But it all gets to feeling just a little bit icky. To partake in Uber or any other ride-hailing service, much less to do so frequently, is to breeze past the many problems those companies invite: drivers left stranded on the shoals of contractor-dom, sleeping in their cars and taking home often staggeringly low wages, plus the deep cultural problems at the ride-hailing companies themselves. Here in D.C., ride-hailing services are putting many more cars on the road than there had previously been, bringing concerns both environmental and civic. This month, the city’s mayor, Muriel E. Bowser, signed a bill that will nearly quintuple the tax imposed on ride-hailing customers, with the result going toward that embattled public transit system, which is shedding riders by the tens of thousands. This is not exclusively a product of ride-hailing apps swiping passengers like yours truly — but the two are without a doubt related, and it is hard not to feel that all this easy skipping between friends’ apartments and beer gardens is having some serious, and perhaps irreversible, effect on the city itself.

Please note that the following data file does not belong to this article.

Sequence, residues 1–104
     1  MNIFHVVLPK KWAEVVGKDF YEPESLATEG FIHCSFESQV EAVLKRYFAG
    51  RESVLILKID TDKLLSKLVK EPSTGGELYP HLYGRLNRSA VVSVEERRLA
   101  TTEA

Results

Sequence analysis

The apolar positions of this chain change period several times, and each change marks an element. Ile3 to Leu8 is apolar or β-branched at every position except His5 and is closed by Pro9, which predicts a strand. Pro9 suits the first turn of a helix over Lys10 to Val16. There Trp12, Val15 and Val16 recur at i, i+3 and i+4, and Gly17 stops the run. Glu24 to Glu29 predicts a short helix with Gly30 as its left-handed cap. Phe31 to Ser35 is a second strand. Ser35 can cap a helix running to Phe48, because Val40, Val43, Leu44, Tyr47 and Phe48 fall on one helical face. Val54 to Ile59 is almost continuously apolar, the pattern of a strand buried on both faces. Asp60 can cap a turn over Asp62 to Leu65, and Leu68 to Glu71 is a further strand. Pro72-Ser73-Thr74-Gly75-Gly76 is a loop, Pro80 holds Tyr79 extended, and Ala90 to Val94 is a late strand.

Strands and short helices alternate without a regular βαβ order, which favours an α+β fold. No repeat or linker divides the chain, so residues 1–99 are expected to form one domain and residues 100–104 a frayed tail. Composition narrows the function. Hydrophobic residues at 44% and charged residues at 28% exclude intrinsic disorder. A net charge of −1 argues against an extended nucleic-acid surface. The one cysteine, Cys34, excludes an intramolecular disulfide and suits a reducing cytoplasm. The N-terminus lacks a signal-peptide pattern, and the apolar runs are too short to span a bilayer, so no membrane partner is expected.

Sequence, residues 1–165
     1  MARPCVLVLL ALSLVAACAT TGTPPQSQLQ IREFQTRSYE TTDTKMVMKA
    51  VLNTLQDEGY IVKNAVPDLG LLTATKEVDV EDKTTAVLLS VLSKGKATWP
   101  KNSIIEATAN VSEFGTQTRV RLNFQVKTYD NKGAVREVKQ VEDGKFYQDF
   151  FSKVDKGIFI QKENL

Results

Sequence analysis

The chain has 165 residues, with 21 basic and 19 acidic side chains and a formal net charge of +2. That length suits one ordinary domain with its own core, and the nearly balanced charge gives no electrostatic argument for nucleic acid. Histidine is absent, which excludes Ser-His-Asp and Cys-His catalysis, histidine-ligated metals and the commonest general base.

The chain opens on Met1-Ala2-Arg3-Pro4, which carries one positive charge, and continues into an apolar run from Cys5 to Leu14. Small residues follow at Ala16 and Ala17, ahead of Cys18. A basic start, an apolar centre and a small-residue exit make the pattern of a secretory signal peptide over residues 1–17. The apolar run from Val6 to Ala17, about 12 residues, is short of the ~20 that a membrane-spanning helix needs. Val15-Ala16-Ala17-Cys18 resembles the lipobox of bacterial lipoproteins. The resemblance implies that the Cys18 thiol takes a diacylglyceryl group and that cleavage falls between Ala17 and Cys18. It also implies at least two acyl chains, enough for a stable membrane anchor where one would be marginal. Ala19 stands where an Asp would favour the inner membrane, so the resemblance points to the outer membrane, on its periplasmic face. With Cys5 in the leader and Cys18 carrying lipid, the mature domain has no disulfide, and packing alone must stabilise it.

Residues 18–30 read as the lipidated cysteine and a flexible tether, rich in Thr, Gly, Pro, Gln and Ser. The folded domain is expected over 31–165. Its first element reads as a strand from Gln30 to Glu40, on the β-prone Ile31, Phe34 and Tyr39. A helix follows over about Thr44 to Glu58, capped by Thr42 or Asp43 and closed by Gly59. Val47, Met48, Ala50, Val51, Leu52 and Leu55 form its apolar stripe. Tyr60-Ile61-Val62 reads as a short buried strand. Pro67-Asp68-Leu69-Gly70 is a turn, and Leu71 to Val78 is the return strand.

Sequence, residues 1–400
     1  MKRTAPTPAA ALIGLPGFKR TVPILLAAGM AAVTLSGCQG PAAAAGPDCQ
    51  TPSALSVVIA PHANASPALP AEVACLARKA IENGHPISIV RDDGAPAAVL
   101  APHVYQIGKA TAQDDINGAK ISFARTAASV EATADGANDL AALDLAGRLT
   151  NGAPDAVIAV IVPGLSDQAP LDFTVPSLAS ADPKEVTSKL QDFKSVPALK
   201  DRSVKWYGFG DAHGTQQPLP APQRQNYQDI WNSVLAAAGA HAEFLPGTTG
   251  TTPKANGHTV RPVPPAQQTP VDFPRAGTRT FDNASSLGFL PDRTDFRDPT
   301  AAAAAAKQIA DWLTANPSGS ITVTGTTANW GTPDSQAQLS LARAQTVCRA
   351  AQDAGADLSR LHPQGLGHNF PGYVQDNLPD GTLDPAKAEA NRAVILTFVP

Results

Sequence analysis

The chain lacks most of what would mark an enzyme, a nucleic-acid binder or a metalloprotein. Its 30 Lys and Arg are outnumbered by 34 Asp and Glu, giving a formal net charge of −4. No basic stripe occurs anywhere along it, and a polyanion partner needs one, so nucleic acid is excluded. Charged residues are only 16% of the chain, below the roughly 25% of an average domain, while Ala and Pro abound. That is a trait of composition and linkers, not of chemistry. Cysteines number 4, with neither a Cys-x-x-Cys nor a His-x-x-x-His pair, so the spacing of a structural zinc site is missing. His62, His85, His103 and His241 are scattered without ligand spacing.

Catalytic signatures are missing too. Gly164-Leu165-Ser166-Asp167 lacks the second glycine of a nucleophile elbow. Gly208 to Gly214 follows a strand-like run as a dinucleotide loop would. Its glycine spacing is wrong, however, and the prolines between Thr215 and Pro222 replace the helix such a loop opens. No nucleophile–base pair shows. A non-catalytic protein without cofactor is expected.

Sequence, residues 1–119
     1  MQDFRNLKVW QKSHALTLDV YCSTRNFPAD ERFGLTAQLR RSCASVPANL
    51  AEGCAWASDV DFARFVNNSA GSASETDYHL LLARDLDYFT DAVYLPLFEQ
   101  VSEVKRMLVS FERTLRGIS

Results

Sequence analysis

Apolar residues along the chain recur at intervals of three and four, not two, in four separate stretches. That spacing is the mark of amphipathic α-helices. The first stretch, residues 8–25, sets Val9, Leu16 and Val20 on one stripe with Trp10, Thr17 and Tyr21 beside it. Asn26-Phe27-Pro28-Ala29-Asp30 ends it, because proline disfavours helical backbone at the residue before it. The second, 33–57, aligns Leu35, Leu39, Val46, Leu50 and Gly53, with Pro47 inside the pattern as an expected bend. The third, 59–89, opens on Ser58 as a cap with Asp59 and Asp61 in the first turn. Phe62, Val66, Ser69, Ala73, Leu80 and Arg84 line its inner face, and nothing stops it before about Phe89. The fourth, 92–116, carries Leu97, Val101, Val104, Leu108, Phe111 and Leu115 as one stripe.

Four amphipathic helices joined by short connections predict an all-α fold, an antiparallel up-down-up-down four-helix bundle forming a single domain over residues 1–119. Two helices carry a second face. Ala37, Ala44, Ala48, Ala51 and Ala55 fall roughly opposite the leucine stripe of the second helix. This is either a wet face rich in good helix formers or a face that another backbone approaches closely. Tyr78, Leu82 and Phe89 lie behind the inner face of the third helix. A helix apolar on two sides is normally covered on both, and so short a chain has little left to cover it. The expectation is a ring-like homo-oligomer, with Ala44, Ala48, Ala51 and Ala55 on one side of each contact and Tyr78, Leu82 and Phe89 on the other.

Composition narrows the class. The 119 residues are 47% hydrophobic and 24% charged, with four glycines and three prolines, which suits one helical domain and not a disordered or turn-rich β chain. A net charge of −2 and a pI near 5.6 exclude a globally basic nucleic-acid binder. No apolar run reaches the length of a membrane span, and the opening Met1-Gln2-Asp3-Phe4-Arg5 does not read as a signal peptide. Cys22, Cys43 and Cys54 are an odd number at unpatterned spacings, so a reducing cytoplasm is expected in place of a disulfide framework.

And then, of course, there is the weirdness of enthusiastically attempting to win cash through idle clicking as your driver actually works in the seat beside you — and almost certainly, assuming you’re not going to Buffalo, for far less money. I talked with several of my drivers about this, including Oliver, who was approaching the Uber-mandated end of a 12-hour shift at the wheel. His take on Cash Car was one mostly of bemusement — they make money how? (They don’t, apparently. Yet? I guess.) If I had won $100 in his backseat, shouldn’t he be in line for some portion of that? I asked him. The stores that sell winning lottery tickets are given their own chunk of change, though it varies by state: In 2016, a winning Powerball stub meant $1,000,000 for a shopkeeper in California and just $25,000 for one in Tennessee. One day, might an Uber pull up to your curb, a glossy teal sign taped to the window beside the black-and-white U: “$100 WINNER MADE HERE! ARE YOU NEXT?

Oliver didn’t have an answer: “You’re the one answering the questions,” he said with a shrug as he dropped me off at dinner. Which is true — and if it were HQ a passenger were playing, it might not bear considering. But in a time when a simple tap, multiplied outward, brings not just speedy lifts to ramen shops but also the incremental decline of a subway system and traffic and pollution and workers who pull 12-hour days and still aren’t found worthy of insurance or vacation or protection should something go awry in their car — at what point does a rider have a responsibility to ease off the gas? Of course, $100 neither solves nor tangibly worsens anything about the status quo, just as no one ride does, and if the goal is to take your mind off of what’s happening around you, then Cash Car Trivia undoubtedly succeeds. But maybe, just maybe, there are some things worth paying attention to.